Join The Seattle Times Opinion page’s conversation on Washington’s role in welcoming Vietnamese refugees after the fall of Saigon.
I had a bit of a high school reunion a few weeks ago when Minh Duc Nguyen stopped by the office. She joined others to talk about Washington state’s impressive grass-roots welcome of Vietnam refugees after the fall of Saigon 40 years ago Thursday.
Seeking Refuge: 40 years after the fall of Saigon
Editor's note: As the 40th anniversary of the fall of Saigon approaches, the Seattle Times editorial board admires former Gov. Dan Evans and citizens who welcomed Vietnamese refugees into their homes and lives. That legacy continues, though citizens can provide more direct assistance to today’s refugees. Read more about this project.
Read the column translated into Vietnamese: 40 n?m sau cu?c chi?n Vi?t Nam, hãy v??n lên kh?i trò ‘ch?p m?’
Refugees are driven from their home countries for many reasons. We want to hear from you.
The Bui family pictured in Vietnam before 1975. The family resettled in Tacoma after the Vietnam War.
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Back in the mid-1970s, we were both transplanted students at Redmond Junior High — I had taken an easy, if not tedious, trip along Interstate 90 from Fargo, N.D., and Minh Duc arrived after an arduous, traumatic trip that included a boat, a barge, a ship and many nights of uncertainty, followed by a final detour through Arkansas.
On April 30, 1975, Minh Duc, her parents and four siblings left their home and lives behind in Vietnam, knowing they couldn’t stay but unsure of their future. They stayed at Fort Chaffee, Ark., until five families from a Redmond church agreed to join together to sponsor the Nguyens — a blessing for the seven-member family fearful they would have to split up.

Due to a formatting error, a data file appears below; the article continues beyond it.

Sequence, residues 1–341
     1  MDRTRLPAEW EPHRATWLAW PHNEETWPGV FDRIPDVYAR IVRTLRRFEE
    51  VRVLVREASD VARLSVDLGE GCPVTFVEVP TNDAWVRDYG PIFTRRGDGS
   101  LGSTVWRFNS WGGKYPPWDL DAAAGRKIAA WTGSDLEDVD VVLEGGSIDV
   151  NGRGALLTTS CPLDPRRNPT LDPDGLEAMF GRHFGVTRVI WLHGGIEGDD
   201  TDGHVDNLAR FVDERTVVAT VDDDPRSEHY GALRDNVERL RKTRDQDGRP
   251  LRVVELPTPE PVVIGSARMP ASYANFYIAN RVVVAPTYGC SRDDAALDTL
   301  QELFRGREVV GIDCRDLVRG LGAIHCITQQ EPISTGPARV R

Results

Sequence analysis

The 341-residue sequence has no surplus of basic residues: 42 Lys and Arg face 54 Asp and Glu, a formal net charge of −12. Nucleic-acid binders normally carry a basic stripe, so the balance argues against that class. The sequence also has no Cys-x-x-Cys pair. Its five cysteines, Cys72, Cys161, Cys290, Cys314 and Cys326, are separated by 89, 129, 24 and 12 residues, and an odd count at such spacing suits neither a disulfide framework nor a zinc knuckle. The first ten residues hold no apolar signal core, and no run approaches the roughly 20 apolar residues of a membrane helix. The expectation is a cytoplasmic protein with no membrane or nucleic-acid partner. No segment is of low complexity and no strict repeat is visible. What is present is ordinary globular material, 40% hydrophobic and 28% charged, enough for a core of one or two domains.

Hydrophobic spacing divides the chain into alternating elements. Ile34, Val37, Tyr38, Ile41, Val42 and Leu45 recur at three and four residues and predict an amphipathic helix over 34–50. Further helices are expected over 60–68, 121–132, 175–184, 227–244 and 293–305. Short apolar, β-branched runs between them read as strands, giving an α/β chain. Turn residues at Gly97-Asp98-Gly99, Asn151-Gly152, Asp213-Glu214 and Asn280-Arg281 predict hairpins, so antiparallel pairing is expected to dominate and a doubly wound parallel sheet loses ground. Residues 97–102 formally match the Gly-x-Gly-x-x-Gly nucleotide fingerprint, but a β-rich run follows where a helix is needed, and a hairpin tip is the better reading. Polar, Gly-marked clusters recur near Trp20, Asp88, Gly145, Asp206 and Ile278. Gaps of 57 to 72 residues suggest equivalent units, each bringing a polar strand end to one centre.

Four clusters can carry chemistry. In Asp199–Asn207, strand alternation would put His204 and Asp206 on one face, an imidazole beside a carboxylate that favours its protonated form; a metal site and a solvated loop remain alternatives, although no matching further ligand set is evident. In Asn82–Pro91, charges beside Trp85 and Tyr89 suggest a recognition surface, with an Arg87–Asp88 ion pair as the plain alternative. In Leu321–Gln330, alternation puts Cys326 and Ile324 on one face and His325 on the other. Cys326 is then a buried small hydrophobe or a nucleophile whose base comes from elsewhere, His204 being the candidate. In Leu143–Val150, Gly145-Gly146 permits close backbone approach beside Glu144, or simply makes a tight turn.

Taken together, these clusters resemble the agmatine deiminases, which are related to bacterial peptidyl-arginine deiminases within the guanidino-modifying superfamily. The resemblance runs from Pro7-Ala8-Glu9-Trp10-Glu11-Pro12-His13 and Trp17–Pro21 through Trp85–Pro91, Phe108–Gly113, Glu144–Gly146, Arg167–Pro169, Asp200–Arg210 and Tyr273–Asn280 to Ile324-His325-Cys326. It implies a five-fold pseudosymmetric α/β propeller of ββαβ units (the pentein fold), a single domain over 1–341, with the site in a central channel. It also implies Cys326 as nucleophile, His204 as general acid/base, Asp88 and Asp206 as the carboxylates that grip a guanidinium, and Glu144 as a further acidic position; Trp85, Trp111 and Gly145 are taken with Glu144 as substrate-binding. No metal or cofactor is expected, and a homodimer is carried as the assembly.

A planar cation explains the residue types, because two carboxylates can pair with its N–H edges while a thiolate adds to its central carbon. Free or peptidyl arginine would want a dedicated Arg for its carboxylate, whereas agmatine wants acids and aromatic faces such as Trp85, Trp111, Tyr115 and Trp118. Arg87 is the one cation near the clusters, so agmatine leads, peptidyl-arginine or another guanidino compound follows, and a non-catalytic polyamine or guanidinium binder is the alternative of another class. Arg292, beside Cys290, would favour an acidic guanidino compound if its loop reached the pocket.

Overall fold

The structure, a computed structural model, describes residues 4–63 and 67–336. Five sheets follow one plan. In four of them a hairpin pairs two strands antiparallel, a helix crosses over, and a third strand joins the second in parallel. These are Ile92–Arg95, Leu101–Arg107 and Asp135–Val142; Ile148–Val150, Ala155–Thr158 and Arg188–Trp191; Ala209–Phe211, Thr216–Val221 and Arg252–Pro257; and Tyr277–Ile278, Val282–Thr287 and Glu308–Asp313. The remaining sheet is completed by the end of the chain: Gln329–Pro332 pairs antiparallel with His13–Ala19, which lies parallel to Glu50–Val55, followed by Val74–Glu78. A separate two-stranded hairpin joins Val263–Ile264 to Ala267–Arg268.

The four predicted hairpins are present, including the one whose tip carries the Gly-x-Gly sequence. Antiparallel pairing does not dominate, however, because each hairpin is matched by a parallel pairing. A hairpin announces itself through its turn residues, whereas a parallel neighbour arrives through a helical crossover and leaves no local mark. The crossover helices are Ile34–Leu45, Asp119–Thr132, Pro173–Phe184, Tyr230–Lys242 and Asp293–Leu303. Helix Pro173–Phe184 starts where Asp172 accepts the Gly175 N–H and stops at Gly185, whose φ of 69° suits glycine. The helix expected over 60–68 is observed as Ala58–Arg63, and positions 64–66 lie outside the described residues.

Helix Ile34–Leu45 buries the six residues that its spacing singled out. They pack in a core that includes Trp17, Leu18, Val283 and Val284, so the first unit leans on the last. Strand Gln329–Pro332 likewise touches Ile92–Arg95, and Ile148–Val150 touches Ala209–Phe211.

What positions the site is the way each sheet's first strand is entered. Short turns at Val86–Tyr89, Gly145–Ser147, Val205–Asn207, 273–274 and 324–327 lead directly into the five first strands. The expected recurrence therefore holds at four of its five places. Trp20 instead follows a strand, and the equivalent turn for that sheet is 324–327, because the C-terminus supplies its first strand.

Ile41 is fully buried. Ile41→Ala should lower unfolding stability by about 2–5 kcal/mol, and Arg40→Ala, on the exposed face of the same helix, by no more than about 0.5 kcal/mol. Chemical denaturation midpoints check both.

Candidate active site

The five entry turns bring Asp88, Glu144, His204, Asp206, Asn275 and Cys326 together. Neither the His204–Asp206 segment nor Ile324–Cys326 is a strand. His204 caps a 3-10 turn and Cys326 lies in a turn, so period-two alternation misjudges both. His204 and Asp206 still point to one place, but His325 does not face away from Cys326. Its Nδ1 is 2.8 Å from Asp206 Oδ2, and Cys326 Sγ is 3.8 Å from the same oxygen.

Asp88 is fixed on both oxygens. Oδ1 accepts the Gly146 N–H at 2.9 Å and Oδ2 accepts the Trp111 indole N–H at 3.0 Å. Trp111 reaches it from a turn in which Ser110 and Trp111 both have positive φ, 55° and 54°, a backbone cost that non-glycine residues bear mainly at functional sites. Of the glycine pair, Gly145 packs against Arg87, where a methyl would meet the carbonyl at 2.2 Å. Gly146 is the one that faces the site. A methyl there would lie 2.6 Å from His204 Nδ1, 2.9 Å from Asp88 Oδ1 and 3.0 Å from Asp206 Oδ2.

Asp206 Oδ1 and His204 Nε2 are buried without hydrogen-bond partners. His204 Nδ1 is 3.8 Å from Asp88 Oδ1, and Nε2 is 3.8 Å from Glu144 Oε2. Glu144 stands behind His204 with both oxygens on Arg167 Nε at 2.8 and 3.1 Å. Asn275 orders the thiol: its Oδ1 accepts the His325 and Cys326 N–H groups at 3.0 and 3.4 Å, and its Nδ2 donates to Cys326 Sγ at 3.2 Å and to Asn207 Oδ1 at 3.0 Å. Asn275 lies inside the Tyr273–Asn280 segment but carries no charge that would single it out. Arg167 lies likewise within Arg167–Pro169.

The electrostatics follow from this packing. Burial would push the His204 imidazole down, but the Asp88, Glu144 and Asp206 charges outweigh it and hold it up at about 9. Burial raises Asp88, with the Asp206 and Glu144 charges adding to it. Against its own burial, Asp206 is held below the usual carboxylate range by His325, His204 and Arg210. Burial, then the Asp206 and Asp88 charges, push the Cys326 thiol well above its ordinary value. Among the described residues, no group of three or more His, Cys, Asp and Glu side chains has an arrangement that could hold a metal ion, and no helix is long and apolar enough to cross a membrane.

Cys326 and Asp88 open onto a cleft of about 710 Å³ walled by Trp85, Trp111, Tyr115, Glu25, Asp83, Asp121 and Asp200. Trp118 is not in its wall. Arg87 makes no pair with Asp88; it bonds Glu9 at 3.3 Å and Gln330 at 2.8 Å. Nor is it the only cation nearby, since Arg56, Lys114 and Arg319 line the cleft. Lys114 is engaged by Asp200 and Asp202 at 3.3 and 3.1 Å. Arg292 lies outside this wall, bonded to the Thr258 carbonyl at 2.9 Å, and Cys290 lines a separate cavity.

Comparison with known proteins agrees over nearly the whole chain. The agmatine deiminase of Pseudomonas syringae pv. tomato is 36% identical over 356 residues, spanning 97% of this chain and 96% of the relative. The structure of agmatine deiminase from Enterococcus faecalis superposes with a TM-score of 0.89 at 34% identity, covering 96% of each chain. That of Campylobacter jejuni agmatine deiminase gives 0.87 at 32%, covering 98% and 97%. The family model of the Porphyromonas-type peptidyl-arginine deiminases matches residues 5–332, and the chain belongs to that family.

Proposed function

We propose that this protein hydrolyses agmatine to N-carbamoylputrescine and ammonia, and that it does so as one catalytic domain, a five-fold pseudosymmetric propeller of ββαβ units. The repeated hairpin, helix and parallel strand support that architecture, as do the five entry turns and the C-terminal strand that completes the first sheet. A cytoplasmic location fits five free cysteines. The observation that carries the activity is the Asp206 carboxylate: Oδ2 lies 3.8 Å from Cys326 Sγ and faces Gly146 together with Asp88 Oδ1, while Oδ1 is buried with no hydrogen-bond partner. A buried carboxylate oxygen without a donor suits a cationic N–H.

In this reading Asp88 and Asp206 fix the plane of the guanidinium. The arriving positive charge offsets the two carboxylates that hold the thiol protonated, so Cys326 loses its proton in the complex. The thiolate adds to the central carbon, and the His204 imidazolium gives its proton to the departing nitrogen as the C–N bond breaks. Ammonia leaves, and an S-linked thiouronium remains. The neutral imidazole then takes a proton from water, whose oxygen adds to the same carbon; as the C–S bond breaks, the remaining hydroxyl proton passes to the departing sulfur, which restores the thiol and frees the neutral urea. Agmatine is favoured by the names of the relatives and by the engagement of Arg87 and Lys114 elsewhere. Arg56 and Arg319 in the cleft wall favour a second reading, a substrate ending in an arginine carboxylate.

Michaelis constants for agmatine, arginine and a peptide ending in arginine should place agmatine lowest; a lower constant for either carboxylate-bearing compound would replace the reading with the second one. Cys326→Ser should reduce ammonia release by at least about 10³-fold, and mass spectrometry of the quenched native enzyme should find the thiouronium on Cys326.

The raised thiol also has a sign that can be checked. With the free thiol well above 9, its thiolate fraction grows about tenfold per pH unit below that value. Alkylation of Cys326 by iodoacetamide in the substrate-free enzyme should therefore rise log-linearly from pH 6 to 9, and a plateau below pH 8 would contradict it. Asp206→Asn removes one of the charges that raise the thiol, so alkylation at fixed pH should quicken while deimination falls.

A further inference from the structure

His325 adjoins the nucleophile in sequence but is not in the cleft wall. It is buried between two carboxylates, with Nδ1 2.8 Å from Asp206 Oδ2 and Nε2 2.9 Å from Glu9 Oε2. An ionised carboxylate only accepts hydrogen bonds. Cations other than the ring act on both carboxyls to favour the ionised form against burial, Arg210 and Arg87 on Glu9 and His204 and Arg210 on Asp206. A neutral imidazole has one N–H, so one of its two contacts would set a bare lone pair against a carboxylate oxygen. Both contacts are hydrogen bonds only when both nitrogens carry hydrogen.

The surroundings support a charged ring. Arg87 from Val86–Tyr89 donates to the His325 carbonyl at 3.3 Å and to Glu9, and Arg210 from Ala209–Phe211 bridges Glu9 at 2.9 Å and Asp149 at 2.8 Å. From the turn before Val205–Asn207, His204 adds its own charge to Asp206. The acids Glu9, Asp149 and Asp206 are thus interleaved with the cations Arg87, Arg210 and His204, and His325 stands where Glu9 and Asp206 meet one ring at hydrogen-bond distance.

Minh Duc grew up to return the favor many times over, devoting herself to assisting Vietnamese immigrants as the executive director of Helping Link on South Jackson Street in Seattle’s Little Saigon neighborhood.
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Her story is one of many that can be told about Washington state and its citizens who stepped forward to welcome the refugees displaced after the Vietnam War ended. That outreach was a proud episode in Washington’s history.
Editorial writer Thanh Tan, the daughter of Vietnamese refugees, was moved to begin exhaustive research into Washington’s role while following last summer’s crisis of Central American children — refugees from violence coming to the U.S. border. That strengthened her interest in the stories of her own family’s refugee experience.
Growing up in Olympia, she often heard the name Dan Evans from adults in her community. In 1975, it was then-Gov. Evans who mustered state resources and citizens to sponsor refugees and ease their way into American life.
With the 40th anniversary of Saigon’s fall approaching, she decided to dig deeper.
The result is today’s editorial page, reflecting on Evans’ exquisite overture to the refugees. Don’t miss the video online documenting those decisions with an interview with Evans and a refugee family. Additionally, Thanh looked at Washington state’s refugee services today. While the state remains a leader in the number of refugees it welcomes, the experience for many is one of interactions with state and local agencies in contrast to the Vietnamese refugee experience of interacting directly with Washington families.
Through the week, we will continue the conversation about refugees then and now.
Monday, KCTS and The Seattle Times are partnering in a discussion and preview screening of the PBS documentary “Last Days in Vietnam.” It premieres on KCTS 9 at 9 p.m.Tuesday.
Over the next few days, watch for guest columns that examine the refugee experience.
I wanted to hear more about Minh Duc’s journey and first days in Redmond, so I called her Thursday. Back in junior high, I had only a vague idea of what Minh Duc and her family had gone through. If I had fully understood, I would have been even more impressed with the grace she showed — always a smile, always a kind word.
After we giggled about her fiery mishap in Mr. Evans’ high school chemistry class and the Molecule-a-Go-Go dance he taught us, Minh turned serious.
“I am forever in debt to the Redmond United Methodist Church,” she said. “The people in Redmond were so kind. Their kids played with us and helped us. People would stop and give us a ride up that long hill. Church people came by every day to make sure we were well.”
Throughout the week, we are asking people to share their stories, whether as refugees themselves at any time over these last 40 years or as the people who helped them. We would love to hear from you.
Please join our conversation.